Goodbye, Thay

In the early hours of the morning, the Hong Kong Buddhist community received the sad news of Thich Nhat Hanh’s passing at midnight on the 22nd of January, 2022. He was 95.

I last saw him in 2013, on a Plum Village retreat in Thailand. As is typical of Plum Village, we happened to take refuge in the Triple Gem and receive the Five Mindfulness Trainings at the retreat’s conclusion. I personally see taking refuge as only necessary once, since we do so in the Buddha, Dharma, and Sangha, not any one master. I had converted to Buddhism under my Chinese Buddhist preceptor in 2008, but looking back on my 2013 retreat, I feel extremely grateful to be a very, very small leaf of the grand Plum Village oak that now, thanks to Thay’s unmatched influence, compassionate and direct teachings, and compelling and attractive sangha organization, will stand sturdy and strong despite Thay’s departure.

Today, my social media feeds were abuzz with reflections on the Zen master’s teachings. They all struck a similar chord: recalling Thay’s gentle and vast wisdom, but tinged with inevitable, mortal sadness. Most of the posts from my friends and colleagues, many of them practicing or working in Hong Kong-based Buddhist organizations, had a similar tone. Remembering what he taught about love, gratitude, mindfulness, and forgiveness. The more academically minded opined on Thich Nhat Hanh’s irreplaceable influence on how Buddhism in the West understands itself today, and how he played an active role in shaping American opinion against the Vietnam War. Those that know their history and interfaith relations look back fondly on his meetings with Martin Luther King Jr. and Thomas Merton. Those more actively involved with the Plum Village community will have insights to share about building the centre in France, the Institutes of Applied Buddhism in Europe and Asia, and his many initiatives like the Wake Up network for young people and the Order of Interbeing.

There is a poignant, almost poetic sense in how his passing has entered our news feed and re-energized talk and discussion on the bedraggled, tortured state of the world in 2022. Most of us know that the planet as a whole, let alone humanity, is not in good form right now. So even though many of Thich Nhat Hanh’s disciples, including senior and well-versed lay practitioners, are doing their best to put Thay’s teachings into practice, there is great heartache and surely many tears.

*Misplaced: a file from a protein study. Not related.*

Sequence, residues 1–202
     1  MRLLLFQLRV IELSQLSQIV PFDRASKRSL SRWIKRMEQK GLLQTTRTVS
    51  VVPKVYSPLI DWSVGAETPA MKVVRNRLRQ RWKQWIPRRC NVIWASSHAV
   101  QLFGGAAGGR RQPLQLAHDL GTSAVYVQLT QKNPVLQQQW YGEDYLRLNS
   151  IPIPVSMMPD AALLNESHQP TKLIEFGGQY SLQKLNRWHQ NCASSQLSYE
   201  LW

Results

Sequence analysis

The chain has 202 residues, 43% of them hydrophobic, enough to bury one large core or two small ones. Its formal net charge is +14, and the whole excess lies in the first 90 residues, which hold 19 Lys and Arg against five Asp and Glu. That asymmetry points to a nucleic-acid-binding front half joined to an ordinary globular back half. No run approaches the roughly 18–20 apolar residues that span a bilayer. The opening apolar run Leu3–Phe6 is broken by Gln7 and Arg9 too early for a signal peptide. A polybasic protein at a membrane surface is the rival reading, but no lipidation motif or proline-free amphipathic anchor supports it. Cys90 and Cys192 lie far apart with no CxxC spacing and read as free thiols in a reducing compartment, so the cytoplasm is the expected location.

There is nothing wrong with this. It is not deluded to feel grief. Practicing non-attachment must not be conflated with bottling up and locking in our feelings. What would Thay call genuine non-attachment? First of all, he would ask us to see him as a cloud, brushing by us in a gentle gust of the wind, reflected in the mighty, ancient sun in a humble, accidental puddle. He would say, “Thank you for missing my old body. But I’m still here: all around you, in the garden, among the trees, in the depths of the oceans and the ripples of a lake, and among the stars as the same cosmic matter that composes things that still draw breath.”

Brother Chan Phap Dung has shared, in Plum Village’s public message on Thay’s death, how the master wanted his remains to be treated: “Please do not build a stupa for me. Please do not put my ashes in a vase, lock me inside and limit who I am. I know this will be difficult for some of you. If you must build a stupa though, please make sure that you put a sign on it that says, ‘I am not in here.’ In addition, you can also put another sign that says, ‘I am not out there either,’ and a third sign that says, ‘If I am anywhere, it is in your mindful breathing and in your peaceful steps.’”

I am not in here.

I am not out there either.

If I am anywhere, it is in your mindful breathing and in your peaceful steps.

He is still here, in our breath and in the steps we take. Our breathing and walking should therefore be tranquil and kind. My favourite phrase about Thay’s presence is that of “no coming, no going” in the Plum Village song. It is one that goes beyond duality. Some of us might be singing this song among others to ourselves now, as we await the formal commemorative events to be streamed on Plum Village’s various outlets today. When I recall this phrase, I also remember the title of Thay’s biography of the Buddha: Old Path White Clouds. The master has re-joined the old path.

He is the white cloud in the sky now.

No coming, no going
No after, no before
I hold you close to me
I release you to be so free
Because I am in you and you are in me
Because I am in you and you are in me

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